M&S Challenge Competition Value Proposition

The challenge should provide the following added value to the M&S community:

  • Contribute a creative solution to help the selected community/industry/business sector.
  • Form a competitive team to create a solution to a real world problem using M&S.
  • Receive recognition/award for your work while helping others.
  • Gain exposure and network amongst M&S professionals, industry and academia.
  • And of course: Bragging rights.

Challenge Competition Problems

Challenge Competition problems need to be compelling and relevant to the community or industry/business sector. While collaboration among academia, government and industry participants is desired it is not required.

Areas of interest (suggested):

  • Cyber Security
  • Crime
  • Flooding/Sea Level Rise (SLR)
  • Health
  • Education
  • Banking
  • Manufacturing
  • Transportation
  • Safety & Justice

Software and Hardware Platforms

The participants may use any simulation platform. The following are suggested by the committee for participant use:

  • MIST (Monte-Carlo)
  • Simio (Discrete Event)

Preliminary Competition Rules

  • 1 Invited Teams are given approximately ten calendar weeks to develop a solution for a case. This case study will be a problem chosen by the participants on their area of interest.
  • 2 Team size is not restricted. Industry and Academia can be on the same team.
  • 3 Faculty advisors are encouraged for teams comprised of only students.
  • 4 Solutions are submitted online and include a report (maximum of 10 pages including a 1 page executive summary), presentation slides, and a video described below. All presentations must be in English.
    • Provide a video (maximum of 10 minutes) to introduce the project team members and their affiliations, as well as, clearly explain the problem and solution. Teams may use slides and video recordings from the model.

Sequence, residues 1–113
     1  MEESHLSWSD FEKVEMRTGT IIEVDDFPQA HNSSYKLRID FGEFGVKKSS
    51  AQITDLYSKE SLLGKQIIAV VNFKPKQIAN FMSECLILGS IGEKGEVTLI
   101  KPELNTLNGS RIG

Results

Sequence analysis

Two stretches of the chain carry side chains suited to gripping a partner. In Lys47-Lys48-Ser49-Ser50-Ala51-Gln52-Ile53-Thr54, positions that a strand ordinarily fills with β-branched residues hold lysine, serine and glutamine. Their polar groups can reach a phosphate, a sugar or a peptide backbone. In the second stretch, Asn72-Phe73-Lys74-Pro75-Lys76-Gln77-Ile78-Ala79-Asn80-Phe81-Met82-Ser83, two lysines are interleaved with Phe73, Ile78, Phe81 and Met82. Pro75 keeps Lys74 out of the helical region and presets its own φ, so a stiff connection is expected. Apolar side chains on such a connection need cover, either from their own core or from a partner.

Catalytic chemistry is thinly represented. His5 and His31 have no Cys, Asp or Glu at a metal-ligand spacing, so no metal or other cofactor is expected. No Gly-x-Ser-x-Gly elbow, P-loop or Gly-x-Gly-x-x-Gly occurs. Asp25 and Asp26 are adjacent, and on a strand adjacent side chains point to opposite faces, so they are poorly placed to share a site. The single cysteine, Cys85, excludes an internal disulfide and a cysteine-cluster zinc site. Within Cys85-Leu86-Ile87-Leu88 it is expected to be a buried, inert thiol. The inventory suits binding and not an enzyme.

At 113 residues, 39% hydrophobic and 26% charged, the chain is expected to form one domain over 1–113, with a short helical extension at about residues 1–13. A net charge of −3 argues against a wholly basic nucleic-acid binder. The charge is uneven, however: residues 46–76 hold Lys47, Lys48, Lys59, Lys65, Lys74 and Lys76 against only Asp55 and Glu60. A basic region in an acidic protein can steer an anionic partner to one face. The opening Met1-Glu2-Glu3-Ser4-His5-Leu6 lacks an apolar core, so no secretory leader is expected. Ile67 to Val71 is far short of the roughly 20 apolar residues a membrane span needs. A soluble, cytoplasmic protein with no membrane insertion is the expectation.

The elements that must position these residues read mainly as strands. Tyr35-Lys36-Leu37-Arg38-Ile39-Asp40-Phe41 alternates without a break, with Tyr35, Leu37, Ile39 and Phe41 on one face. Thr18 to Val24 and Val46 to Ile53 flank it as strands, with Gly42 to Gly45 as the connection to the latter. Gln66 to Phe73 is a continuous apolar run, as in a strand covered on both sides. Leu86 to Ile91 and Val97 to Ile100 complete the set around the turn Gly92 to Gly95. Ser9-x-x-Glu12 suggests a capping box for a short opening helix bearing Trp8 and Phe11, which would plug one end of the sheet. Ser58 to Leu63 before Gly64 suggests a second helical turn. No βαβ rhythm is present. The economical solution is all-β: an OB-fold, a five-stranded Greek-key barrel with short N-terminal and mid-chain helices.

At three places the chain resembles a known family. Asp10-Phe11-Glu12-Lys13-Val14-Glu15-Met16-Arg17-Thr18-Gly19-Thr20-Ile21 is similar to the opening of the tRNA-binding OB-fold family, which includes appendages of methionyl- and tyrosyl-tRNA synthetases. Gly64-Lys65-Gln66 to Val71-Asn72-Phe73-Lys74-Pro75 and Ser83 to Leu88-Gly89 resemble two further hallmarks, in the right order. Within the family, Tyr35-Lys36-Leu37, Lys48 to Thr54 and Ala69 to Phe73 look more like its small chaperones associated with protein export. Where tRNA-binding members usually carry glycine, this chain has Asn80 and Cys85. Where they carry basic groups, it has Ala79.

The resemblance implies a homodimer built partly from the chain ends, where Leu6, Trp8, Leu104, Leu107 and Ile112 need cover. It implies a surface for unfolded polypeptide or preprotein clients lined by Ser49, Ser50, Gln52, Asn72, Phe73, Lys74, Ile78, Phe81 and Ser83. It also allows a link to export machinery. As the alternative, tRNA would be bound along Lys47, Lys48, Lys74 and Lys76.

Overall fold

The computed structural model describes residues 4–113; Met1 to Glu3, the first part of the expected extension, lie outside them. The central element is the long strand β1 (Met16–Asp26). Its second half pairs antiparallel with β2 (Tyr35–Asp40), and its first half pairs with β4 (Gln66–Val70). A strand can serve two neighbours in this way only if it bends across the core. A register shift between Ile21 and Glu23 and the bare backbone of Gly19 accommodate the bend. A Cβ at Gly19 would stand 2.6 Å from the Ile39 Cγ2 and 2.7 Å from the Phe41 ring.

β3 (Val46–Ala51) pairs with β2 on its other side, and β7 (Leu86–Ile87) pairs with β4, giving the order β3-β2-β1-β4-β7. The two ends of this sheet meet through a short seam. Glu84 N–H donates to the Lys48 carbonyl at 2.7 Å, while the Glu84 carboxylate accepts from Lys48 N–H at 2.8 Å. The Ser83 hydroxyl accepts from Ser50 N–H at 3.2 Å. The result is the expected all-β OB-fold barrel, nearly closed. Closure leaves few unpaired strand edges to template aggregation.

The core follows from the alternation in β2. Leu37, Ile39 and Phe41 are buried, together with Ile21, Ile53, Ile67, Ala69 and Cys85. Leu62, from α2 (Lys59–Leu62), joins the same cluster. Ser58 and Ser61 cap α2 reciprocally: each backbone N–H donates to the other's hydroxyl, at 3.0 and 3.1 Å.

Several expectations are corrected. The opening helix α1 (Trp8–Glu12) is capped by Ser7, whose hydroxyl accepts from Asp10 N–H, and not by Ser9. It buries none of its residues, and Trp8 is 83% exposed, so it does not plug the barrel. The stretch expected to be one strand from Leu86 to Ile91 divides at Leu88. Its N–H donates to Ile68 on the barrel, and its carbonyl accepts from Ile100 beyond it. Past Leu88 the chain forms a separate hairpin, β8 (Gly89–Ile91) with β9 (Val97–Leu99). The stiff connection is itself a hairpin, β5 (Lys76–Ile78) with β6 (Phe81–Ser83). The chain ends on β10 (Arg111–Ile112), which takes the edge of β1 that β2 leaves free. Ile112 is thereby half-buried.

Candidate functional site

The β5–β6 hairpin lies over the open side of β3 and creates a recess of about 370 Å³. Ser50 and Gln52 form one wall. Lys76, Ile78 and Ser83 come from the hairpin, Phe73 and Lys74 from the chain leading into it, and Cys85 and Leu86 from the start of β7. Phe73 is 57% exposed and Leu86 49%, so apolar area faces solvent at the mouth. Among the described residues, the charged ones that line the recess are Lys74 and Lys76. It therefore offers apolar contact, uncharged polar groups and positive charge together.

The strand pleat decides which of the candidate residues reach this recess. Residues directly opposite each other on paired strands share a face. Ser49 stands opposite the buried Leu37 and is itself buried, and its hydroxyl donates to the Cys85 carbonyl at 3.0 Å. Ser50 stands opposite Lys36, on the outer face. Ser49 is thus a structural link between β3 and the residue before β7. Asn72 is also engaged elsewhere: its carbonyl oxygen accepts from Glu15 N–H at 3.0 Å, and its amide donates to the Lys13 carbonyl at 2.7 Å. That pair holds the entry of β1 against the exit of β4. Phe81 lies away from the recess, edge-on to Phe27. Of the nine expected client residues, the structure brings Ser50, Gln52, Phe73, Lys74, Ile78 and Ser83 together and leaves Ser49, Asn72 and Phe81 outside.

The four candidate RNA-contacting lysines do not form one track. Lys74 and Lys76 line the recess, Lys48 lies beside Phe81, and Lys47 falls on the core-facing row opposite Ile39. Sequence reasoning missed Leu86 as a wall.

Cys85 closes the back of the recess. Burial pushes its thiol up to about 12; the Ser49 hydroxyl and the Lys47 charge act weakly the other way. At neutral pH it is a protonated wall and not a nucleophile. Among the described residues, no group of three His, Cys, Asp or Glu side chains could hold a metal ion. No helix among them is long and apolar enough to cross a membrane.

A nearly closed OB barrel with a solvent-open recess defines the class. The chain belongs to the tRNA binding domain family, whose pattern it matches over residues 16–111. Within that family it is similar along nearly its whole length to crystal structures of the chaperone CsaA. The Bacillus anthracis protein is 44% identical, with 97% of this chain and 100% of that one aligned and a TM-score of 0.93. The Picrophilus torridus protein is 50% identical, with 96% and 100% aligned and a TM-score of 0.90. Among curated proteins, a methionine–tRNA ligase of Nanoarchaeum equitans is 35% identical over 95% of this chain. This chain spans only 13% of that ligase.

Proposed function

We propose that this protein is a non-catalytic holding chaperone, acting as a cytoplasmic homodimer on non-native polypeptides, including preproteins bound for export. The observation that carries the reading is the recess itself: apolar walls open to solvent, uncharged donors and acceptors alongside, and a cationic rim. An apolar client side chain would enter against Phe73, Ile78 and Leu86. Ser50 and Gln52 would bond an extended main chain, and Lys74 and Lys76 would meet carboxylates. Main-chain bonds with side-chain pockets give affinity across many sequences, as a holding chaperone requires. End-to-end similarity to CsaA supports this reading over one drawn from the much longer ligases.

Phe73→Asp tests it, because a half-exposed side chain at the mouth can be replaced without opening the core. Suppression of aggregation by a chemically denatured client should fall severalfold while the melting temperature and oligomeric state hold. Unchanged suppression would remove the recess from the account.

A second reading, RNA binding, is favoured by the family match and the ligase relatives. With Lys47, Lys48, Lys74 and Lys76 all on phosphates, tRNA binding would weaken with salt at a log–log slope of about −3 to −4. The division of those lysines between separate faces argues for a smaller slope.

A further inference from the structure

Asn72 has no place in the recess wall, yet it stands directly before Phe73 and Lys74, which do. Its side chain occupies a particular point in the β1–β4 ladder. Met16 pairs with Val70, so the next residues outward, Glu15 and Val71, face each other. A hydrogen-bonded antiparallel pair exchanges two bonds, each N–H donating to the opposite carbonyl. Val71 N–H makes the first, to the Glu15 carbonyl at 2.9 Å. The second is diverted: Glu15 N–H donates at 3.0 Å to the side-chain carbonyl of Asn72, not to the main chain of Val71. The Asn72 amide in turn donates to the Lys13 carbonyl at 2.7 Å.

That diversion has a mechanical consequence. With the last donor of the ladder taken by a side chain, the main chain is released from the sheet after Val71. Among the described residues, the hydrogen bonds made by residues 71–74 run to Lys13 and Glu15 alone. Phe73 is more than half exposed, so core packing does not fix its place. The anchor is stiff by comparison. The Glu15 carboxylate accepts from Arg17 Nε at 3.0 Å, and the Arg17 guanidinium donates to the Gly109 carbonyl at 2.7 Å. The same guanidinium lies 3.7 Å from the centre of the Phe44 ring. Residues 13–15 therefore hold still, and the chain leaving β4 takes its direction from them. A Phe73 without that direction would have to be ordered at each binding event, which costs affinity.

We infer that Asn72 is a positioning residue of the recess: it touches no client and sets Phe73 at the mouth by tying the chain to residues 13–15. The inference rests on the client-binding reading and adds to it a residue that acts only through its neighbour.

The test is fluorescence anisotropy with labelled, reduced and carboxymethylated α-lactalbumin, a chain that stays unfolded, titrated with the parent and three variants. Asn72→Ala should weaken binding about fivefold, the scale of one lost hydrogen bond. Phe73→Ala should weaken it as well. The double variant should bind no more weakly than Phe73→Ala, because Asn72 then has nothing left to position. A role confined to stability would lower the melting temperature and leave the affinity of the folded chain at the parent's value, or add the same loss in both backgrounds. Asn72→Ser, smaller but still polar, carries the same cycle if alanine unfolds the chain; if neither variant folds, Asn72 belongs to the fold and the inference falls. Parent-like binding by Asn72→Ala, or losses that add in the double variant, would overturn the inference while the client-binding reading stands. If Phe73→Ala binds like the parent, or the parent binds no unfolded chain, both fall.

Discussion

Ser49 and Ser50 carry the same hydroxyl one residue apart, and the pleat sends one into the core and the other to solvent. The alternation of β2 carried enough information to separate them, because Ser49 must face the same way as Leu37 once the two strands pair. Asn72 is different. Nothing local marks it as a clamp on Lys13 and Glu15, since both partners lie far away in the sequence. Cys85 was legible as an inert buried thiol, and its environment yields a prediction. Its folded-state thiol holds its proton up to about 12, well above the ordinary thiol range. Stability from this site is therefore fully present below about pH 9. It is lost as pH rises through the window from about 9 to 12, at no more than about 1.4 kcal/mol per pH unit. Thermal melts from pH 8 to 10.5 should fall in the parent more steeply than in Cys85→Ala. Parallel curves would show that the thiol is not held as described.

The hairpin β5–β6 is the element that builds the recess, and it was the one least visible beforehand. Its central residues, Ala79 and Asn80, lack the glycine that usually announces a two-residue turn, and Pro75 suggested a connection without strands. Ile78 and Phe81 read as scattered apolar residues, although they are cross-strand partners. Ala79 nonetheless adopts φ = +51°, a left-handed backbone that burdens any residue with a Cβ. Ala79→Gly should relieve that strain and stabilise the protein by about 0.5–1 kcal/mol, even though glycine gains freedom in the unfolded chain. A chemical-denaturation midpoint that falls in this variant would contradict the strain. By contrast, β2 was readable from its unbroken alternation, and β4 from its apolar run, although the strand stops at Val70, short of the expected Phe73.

• The video must be posted by the teams as an unlisted YouTube video (unlisted so that competing teams cannot see your solutions). For teams unable to access YouTube, arrangements can also be made to directly submit your video. A link to the video shall be submitted with the project.
  •  Teams should use the Judging Criteria as a checklist to ensure that they have addressed all relevant issues. Judging is done by a panel.
  •  Submission is completed upon receipt of a confirmation email. The projects are submitted online (more details to follow) and must include the following:
    • Team name.
    • Simulation development platform.
    • A written report, not to exceed 10 pages including a 1 page executive summary.
    • Project presentation slides.
    • Link to the video.
    • A letter signed by the faculty advisor (if one is used) and team members certifying that the project work was completed solely by the team members and that the solution/results provided have not been given to the team before (either at another venue/conference or for school work, etc.).
  •  The videos will be posted online, prior to the conference, for people to vote for their favorite.
  •  The team with the most video votes, and three other teams (as selected by the judges) will present on their project at the conference for final judging. The judges and audience members will all vote in order to select the winner.
    • Presentations should be 5-8 minutes.
    • There will be 2-3 minutes for questions.
  •  All videos will be available for viewing at the conference.
  •  Winners are selected and announced at the conference on April 27, 2017.
  •  Winners are announced on the MODSIM World Conference website and the NTSA newsletter. Participants have the option of including their contact information to encourage networking and job offers.
  •  Rights to work: MODSIM World has the rights to show and display submitted work. The winning presentations are posted on the MODSIM World Conference website for general viewing.

Judging Criteria

Judging is based on two deliverables: written report and project presentation. Both the report and project presentation should include the same material, namely:

Description of the problem

Assumptions, inputs, and outputs – conceptual model, diagrams, equations, etc.

Snapshot of the model – the extent of which will differ between the presentation and the report (i.e. can explain what is happening during a model run in the presentation, but cannot in the report)

Verification and Validation

Analysis of results

Further experimentation performed, if any, outside of the original project description from the abstract


Contact Andy Collins for anything related to the MODSIM World Challenge Competition

Dr. Andrew Collins

E: dr.a.collins@gmail.com

Congratulations to Team SKY, the 2017 Challenge Competition Winner!

Click here to read about their winning project, Simulating the Impact of Sudarshan Kriya Yoga in Hampton Roads!

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